I’ll put you on the list for my “Sizzles” book.

  19. “I just read the URL in the kill zone. Eureka! I understand: Even though one is writing in a third person, you still write the narration in the personality-style of the person who is in focus. That explains David Brown and other famous writers work and why they write good fiction. It’s very subtle!”

    Comment from Thomas Meller (author/client of Arlene Prunkl)

  20. Outstanding tips, Jodie. Thanks so much for all your input–here, in your books and blog. I have Thriller and Sizzle already. Thanks.

    In many scenes, I like to look at the event from nearly everyone’s POV. I get unique perspective on the setting, characters and the action. Like this one time I was in New Orleans and the setting hit on all my senses. There was humidity, mold on the walls, actual water weeping out from ???. And the odor of blooming flowers wafted in through the window. I’ve never forgotten how overwhelming the “scene” was to whatever else was going on.

    • Thanks, Jim! If you haven’t written a short review of my books on Amazon, I hope you will!

      What you’ve described in New Orleans sounds like one person’s impressions, one person’s POV, but using all five senses, which is wonderful! That really brings both the scene and the character to life for the readers! Go for it! I look forward to reading your writing.

  21. I’ve been inspired by all the tips to rewrite my book that I’ve left on the shelf for some years. It haunts me and I am compelled to write. I’d love to see “Killer” at this point in my life. Thanks for the inspiration and tips.

    • Thanks for dropping by and commenting, Suzie. I’m glad you find my tips helpful. I gave away the two e-copies last night, but Writing a Killer Thriller is only $3.88 as an e-book on Amazon! I know you’ll find lots of goodies in it! 🙂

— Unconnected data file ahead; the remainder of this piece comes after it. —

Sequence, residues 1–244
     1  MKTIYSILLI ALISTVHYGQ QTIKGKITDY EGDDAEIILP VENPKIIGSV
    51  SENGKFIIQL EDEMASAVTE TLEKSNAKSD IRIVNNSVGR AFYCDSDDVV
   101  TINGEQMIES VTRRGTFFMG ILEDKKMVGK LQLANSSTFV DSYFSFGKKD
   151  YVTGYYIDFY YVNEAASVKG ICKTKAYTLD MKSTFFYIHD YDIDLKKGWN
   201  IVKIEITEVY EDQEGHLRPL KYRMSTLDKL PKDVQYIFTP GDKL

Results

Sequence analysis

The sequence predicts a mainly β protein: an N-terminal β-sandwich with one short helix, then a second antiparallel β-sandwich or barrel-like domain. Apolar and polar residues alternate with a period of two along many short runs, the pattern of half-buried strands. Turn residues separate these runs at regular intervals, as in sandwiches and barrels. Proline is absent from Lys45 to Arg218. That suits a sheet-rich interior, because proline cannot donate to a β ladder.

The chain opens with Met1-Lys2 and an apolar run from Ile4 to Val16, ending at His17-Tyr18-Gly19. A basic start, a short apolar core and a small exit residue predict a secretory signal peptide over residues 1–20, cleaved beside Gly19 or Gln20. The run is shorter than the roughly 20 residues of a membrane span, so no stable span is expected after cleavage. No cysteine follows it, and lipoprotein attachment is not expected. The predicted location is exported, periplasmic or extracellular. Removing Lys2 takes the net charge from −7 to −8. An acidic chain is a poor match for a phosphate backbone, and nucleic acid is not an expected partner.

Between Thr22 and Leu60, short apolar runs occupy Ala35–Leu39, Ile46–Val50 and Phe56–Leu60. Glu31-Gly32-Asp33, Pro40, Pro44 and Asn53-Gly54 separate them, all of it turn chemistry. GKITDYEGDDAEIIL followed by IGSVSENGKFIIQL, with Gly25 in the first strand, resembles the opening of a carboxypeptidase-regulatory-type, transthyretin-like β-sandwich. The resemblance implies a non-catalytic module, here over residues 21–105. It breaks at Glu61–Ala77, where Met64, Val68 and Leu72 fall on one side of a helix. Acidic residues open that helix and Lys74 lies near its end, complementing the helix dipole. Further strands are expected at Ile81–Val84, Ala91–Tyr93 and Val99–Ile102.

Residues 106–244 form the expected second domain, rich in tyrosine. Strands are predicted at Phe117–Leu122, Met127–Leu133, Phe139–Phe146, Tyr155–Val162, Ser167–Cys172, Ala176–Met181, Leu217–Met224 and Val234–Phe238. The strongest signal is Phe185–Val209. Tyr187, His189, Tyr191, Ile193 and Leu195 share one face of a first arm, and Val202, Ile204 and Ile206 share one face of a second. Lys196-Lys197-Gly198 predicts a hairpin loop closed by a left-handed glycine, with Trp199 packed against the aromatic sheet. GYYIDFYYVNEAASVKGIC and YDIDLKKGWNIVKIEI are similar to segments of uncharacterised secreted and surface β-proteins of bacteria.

22. I enjoyed this post. I always have trouble writing in third person because it feels too distant from my main character, but your suggestions make it seem more doable. I’d love a copy of “Sizzle!”

    • Thanks, Helen. Glad you find my suggestions helpful. Unfortunately, I awarded the two winners last night, but “Sizzles” is only $3.88 on Amazon — and I know you’ll find it really useful. Also, I have more books in the works on this kind of thing. Good luck with your writing!

  23. I like the idea of a stream-of-consciousness journal in the character’s voice. I’m struggling with writing a character who’s an abused woman; the difficulty is making her fears and actions real without lapsing into cliche. I’ll try the “diary,” for sure. Thanks! Good suggestions. [Sizzling]

  24. Being removed from the experience is the biggest problem I keep seeing in contest entries I judge, especially, as noted, in third person. There is often a lack of sensory reaction.

    One writer I was helping wrote that as a pre-teen he watched the Blue Angels air show, then went home and swam. I knew the author, so I asked: Well, were the planes loud? Were they fast? Did you like them?? 🙂

    A distanced 3rd POV is like those previews of 1st person shooter video games–things are happening, but the watcher of the screen doesn’t feel anything.

    A deep or reactionary 3rd POV is like being in a paintball game. Adrenaline is pumping, you’re breathing hard, and if those balls hit you, those suckers hurt big time!